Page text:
First Year Coach of the Year: Richmond’s Mike London and Valdosta State’s David Dean are the only coaches to earn AFCA National Coach of the Year honors in their first season as a head coach.  Dean was the Division II winner in 2007. London was the FCS winner in 2008.

Most Schools: Jim Tressel is the only coach to win AFCA National Coach of the Year honors at two different schools, and the second to win the honor in two different divisions. Tressel earned AFCA honors at Division I-A Ohio State in 2002 and Division I-AA Youngstown State in 1991 and 1994.

Two Divisions: Brian Kelly is the second coach to win AFCA National Coach of the Year honors in two different divisions. He earned AFCA honors at Division II Grand Valley State in 2002 and 2003, and FBS Notre Dame in 2012.

Top Individuals: Larry Kehres of Mount Union is the only coach in AFCA history to win National Coach of the Year honors nine times. He has earned the award in Mount Union’s national championship seasons of 1993, 1996, 1997, 1998, 2000, 2001, 2002, 2006 and 2008. Joe Paterno of Penn State earned his Division I-A fifth National Coach of the Year Award in 2005 (1968-72-82-86). Wisconsin-Whitewater’s Lance Leipold (2007, 2009-10-11) joins Northwest Missouri State’s Mel Tjeerdsma (1998-99-2008-09) and Bob Reade of Augustana (Ill.) College as the only four-time AFCA Coach of the Year winners. Reade earned the honor in 1983-84-85-86 in College Division II (now Division III). Notre Dame’s Brian Kelly (2002-03, 2012), Carroll’s Mike Van Diest (2003, 2007, 2010), Sioux Falls’ Kalen DeBoer (2006, 2008-09), Appalachian State’s Jerry Moore (2005-06-07), Youngstown State and Ohio State coach Jim Tressel (1991, 1994, 2003), Alabama’s Bear Bryant (1961, 1971, 1973) and North Alabama’s Bobby Wallace (1993-94-95) are the only three-time Coach of the Year winners. Kehres, Leipold, Moore, Reade and Wallace are the only coaches to win the award in three or more consecutive seasons.

Top Schools: Mount Union is the only institution to have a representative win the AFCA National Coach of the Year Award nine times. Georgia Southern, North Dakota State, Penn State and Wisconsin-Whitewater are the only schools with five winners. Alabama, Augustana (Ill.), Grand Valley State, Michigan, Northwest Missouri State, Ohio State and Wittenberg are four-time winners.
Larry Kehres has won all nine awards for Mount Union, while Joe Paterno has won all five awards for Penn State. Paul Johnson (1999, 2000), Erk Russell (1986, 1989) and Tim Stowers (1990) are Georgia Southern’s honorees. North Dakota State’s national winners are Don Morton (1983), Earle Solomonson (1986), Rocky Hager (1988, 1990) and Craig Bohl (2012). Lance Leipold’s four honors and Bob Berezowitz’s 2005 National Coach of the Year award account for Wisconsin-Whitewater’s five honors. Mel Tjeerdsma accounts for all of Northwest Missouri’s awards. Lloyd Carr (1997), Fritz Crisler (1947), Bennie Oosterbaan (1948) and Bo Schembechler (1969) are Michigan’s winners. Bill Edwards (1962, 1963) and Dave Maurer (1973, 1975), his successor, are responsible for Wittenberg being listed in the select group. Gene Stallings earned Coach of the Year honors in 1992 to join three-time winner Bear Bryant as Alabama’s winners. Augustana’s Reade accounts for all of his school’s awards. Ohio State’s Jim Tressel joins Carroll Widdoes (1944), Woody  Hayes (1957) and Earle Bruce (1979) as one of the four Buckeye coaches to win the award. Chuck Martin (2005-06) joins Brian Kelly (2002-03) as the winners from Grand Valley State.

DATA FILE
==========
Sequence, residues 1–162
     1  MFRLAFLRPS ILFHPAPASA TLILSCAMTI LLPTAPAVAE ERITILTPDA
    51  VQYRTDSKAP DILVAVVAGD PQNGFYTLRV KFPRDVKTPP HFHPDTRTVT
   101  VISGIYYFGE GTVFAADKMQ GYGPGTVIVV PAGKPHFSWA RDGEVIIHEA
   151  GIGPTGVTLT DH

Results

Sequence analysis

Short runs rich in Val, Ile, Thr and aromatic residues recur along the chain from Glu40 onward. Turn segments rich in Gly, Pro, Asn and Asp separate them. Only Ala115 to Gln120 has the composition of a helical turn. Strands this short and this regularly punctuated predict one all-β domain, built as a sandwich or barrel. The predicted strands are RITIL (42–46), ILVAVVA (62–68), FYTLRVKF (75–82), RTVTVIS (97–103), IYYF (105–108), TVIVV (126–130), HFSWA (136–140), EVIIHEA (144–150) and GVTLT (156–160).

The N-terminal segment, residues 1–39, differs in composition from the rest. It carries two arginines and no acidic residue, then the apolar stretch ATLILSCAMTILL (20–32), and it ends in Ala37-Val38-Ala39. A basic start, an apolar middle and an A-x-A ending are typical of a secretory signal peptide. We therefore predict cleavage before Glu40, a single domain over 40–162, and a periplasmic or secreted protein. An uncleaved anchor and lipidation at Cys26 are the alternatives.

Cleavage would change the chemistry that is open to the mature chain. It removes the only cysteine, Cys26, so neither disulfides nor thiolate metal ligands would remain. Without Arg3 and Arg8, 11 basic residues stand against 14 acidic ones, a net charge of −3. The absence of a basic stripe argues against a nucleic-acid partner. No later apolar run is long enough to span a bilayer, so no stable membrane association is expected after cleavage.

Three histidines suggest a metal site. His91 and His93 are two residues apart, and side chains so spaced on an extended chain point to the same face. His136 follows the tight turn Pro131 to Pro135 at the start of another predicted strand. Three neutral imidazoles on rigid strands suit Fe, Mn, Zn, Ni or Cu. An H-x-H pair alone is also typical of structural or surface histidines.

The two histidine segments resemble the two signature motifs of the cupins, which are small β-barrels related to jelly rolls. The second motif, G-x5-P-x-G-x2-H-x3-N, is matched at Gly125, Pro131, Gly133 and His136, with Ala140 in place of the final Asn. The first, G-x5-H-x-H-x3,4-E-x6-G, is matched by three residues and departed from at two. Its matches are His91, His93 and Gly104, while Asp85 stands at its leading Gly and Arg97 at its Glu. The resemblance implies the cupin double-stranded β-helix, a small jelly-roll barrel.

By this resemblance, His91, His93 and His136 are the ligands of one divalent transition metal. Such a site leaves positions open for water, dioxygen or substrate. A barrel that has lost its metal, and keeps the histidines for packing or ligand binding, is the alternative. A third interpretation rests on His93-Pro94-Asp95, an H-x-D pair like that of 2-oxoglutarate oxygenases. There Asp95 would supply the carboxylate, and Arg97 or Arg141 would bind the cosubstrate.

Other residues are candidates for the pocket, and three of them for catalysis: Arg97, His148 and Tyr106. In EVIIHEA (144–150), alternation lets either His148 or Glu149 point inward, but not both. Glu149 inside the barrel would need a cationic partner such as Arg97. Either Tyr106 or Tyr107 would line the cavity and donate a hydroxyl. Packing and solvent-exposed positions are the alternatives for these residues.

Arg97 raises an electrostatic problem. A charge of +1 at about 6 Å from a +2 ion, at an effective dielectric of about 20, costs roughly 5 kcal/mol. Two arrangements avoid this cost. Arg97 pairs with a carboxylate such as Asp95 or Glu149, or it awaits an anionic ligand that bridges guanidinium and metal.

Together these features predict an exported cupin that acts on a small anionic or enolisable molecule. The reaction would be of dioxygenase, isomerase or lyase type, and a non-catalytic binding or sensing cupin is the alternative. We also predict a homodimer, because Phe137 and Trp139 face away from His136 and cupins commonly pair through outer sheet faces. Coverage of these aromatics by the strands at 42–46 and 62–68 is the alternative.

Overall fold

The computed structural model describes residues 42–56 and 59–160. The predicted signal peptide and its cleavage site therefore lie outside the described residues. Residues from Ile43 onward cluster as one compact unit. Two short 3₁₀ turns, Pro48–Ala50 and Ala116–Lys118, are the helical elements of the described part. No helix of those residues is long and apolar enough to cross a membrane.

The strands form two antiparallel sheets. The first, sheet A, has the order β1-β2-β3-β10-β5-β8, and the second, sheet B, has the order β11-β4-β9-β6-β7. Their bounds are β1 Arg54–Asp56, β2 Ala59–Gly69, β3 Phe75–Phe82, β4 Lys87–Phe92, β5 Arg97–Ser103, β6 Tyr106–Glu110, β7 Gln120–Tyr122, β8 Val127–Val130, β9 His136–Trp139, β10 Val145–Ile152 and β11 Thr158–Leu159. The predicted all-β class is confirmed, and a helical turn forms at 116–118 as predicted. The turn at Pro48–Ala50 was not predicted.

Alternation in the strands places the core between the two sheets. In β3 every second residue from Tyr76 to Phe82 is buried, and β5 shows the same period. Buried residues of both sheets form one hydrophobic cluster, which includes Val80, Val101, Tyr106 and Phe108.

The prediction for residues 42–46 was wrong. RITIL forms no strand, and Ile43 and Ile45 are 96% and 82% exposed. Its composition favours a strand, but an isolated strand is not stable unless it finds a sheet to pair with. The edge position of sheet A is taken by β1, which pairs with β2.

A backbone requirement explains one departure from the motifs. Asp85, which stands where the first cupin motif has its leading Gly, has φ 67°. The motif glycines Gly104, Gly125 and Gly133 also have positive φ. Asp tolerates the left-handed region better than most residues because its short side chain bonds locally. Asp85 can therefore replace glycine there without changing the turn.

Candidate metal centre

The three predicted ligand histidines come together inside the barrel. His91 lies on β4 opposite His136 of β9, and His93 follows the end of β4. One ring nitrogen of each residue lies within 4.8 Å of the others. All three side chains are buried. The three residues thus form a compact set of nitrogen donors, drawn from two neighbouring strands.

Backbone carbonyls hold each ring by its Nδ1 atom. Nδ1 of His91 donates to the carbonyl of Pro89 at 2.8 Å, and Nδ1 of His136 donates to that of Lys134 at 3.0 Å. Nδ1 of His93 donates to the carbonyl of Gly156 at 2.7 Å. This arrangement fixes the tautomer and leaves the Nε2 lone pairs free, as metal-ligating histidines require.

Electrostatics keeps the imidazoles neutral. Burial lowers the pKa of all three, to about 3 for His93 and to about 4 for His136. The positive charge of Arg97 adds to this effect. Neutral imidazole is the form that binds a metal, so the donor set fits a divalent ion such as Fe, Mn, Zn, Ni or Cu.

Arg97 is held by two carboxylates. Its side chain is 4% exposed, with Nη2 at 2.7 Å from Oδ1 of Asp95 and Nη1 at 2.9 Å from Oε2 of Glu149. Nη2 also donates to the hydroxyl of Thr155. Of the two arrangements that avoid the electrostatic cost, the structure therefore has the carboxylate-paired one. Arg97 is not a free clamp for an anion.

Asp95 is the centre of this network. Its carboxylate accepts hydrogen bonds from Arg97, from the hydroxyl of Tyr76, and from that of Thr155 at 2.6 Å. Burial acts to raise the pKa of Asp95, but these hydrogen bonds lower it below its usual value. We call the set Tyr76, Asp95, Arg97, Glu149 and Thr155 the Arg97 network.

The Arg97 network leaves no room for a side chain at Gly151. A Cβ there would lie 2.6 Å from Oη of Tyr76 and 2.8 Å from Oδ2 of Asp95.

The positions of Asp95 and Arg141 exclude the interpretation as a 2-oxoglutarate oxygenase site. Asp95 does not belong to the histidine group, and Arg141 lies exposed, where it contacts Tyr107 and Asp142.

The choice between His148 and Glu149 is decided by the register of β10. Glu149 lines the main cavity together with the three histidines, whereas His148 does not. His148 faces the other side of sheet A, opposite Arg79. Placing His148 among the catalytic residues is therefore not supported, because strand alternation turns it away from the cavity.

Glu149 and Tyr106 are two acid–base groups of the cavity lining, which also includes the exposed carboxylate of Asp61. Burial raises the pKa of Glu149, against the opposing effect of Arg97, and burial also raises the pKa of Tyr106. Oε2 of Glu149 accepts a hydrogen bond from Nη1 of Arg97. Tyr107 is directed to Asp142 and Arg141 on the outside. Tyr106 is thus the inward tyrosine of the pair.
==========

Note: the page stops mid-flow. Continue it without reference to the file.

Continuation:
Appalachian State (Jerry More, 2005-06-07), Delaware (Tubby Raymond, 1971-72; K.C. Keeler, 2010), Furman (Dick Sheridan, 1985; Jimmy Satterfield, 1988; Bobby Johnson, 2001), North Alabama (Bobby Wallace, 1993-94-95), Notre Dame (Frank Leahy, 1941; Ara Parseghian, 1964; Brian Kelly, 2012), Sioux Falls (Kalen DeBoer 2006, 2008-09), USC (John McKay, 1962, 1972; Pete Carroll, 2003) and Valdosta State (Chris Hatcher, 2004; David Dean, 2007, 2012) are all in the exclusive group of schools having three winners each.

Two-Timers: Jim Butterfield, Ithaca (1988, 1991), David Dean, Bill Edwards, Joe Glenn, Northern Colorado (1996-97), Rocky Hager, Paul Johnson, Chuck Martin, Dave Maurer, John McKay, Harold “Tubby” Raymond, Darrell Royal, Texas (1963, 1970), Erk Russell and Andy Talley, Villanova (1997, 2009) are the repeat winners.

Back-to-Back: Kalen DeBoer, Bill Edwards, Joe Glenn, Paul Johnson, Larry Kehres, Brian Kelly, Lance Leipold, Chuck Martin, Jerry Moore, Tubby Raymond, Bob Reade, Mel Tjeerdsma and Bobby Wallace are the only coaches to win national honors in consecutive years. No FBS coach has won the award in consecutive years. Kehres is the only coach to win three consecutive Coach of the Year awards twice, while Tjeerdsma is the only coach to win two consecutive Coach of the Year awards twice.